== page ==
Rockies Mailbag: Ezequiel Tovar is red hot, but will prospect get called up?

Denver Post sports writer Patrick Saunders with the latest installment of his Rockies Mailbag.

Patrick, why does it seem that the Rockies are reluctant to promote some of their top prospects to the active roster? The Orioles and Pirates, two teams struggling, both recently called up prospects to inject some life into their respective lineups and also their fan bases. With the Rockies’ offense struggling and Kris Bryant on the injured list, it seems this team is in desperate need of a slugger like Elehuris Montero to provide a spark.

Or since Hilliard and Hampson have struggled all season, why not call up Ezequiel Tovar and move Iglesias to a utility role and give another outfielder, such as Ryan Vilade, a chance to prove himself?

Keep up the great work.

— Jon, Elk Grove, Calif.

Jon, the Rockies are conservative when it comes to promoting their top prospects. Agree or disagree, it’s their philosophy.

I don’t believe it’s about money or starting the player’s “arbitration clock” sooner than they would like. It’s just that the Rockies want their prospects to get a lot of minor-league seasoning before they get called up.

That being said, with general manager Bill Schmidt now in charge, I think the Rockies might be more aggressive with their promotions. That will be especially true if the Rockies continue to fade out of playoff contention.

Montero has already made his big-league debut, but the truth is that he’s still very raw as a corner infielder. His only effective role at the major-league level right now would be as a designated hitter. Manager Bud  Black is already trying to juggle a number of players, including veteran Charlie Blackmon, so giving everyone playing time is always a delicate dance for a manager.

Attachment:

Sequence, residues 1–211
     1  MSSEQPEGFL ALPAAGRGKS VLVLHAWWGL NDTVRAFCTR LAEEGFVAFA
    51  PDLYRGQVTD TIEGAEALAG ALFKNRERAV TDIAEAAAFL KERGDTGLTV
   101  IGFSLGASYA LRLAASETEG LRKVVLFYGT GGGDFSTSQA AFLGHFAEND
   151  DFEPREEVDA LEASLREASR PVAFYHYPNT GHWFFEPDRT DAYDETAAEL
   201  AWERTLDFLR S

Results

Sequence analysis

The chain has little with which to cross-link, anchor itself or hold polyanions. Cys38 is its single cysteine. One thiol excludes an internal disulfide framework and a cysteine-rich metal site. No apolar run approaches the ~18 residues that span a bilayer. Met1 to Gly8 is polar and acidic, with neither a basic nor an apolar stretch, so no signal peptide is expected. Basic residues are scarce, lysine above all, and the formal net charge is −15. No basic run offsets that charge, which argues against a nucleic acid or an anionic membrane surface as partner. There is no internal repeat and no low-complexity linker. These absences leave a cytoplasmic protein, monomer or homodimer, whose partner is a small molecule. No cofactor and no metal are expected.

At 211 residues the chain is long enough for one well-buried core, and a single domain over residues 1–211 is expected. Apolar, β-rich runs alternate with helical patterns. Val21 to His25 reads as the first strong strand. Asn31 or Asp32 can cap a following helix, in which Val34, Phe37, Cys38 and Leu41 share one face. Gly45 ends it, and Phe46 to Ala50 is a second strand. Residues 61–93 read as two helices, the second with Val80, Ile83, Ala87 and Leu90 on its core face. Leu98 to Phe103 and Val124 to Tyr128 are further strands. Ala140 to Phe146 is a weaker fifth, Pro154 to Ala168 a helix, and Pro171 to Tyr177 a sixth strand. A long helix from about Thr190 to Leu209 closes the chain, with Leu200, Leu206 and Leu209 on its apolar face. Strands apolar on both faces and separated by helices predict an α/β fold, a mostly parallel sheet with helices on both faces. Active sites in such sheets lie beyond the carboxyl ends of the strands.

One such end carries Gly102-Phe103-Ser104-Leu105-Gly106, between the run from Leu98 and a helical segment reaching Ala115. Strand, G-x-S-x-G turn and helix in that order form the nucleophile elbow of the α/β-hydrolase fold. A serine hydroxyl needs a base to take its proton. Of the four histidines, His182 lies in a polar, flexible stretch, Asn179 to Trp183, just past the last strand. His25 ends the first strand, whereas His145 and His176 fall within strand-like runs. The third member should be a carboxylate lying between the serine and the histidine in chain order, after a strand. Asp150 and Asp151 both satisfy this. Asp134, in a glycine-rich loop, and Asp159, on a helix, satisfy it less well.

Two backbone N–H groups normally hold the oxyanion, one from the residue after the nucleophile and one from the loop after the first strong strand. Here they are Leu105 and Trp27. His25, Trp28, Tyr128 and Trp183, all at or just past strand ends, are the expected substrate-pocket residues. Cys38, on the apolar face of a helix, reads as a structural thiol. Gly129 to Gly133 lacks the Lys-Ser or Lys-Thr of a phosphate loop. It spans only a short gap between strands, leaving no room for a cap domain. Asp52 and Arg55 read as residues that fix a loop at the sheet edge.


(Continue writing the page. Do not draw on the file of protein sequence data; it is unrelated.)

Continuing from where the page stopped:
And it does a young player no good to get called up and then sit on the bench. They need playing time.

However, if I were the GM, I would call up Tovar this season. All indications are that he’s going to be a star, so why not give him a jumpstart now? I think he’s got the right mentality to handle it. All indications are, however, that Tovar will move up to Triple-A this season but won’t make his Rockies debut until 2023.

If the Rockies are completely out of contention by the trade deadline in late July, and if they make some deals for players such as Iglesias and Randall Grichuk, that might open up a wider door for prospects.

Is Kris Bryant the latest player to sign a contract and retire but not tell the Rockies, ala Daniel Murphy, Ian Desmond and Jose Reyes? Over/under 75 home runs for Bryant’s Rockies career?

— Joe Palladino, Denver

Joe, if I understand your question, and sarcasm, you believe that Bryant is already washed up at age 30. That’s jumping to a huge conclusion without any basis in facts.

Bryant’s back injury is disconcerting and frustrating, for sure, but it’s far too early to write off his Rockies career. From everything I have been told, Bryant does not have any major structural issues with his lower back — no bulging discs or nerve damage.